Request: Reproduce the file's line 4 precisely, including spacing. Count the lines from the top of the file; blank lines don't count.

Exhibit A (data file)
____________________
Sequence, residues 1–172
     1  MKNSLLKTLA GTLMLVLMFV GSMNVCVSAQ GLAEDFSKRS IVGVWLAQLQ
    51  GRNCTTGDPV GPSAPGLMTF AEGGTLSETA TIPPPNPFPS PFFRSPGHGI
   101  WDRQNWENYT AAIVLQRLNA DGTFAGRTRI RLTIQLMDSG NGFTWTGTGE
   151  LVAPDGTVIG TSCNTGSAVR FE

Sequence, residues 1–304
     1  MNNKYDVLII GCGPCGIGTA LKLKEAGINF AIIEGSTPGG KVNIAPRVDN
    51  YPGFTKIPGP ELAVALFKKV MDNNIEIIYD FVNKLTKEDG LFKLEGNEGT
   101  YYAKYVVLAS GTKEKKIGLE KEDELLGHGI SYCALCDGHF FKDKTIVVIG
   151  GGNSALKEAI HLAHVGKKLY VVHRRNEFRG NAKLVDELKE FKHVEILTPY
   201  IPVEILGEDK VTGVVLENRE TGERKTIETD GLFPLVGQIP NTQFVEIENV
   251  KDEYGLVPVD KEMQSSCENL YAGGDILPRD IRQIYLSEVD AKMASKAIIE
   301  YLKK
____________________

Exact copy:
   101  WDRQNWENYT AAIVLQRLNA DGTFAGRTRI RLTIQLMDSG NGFTWTGTGE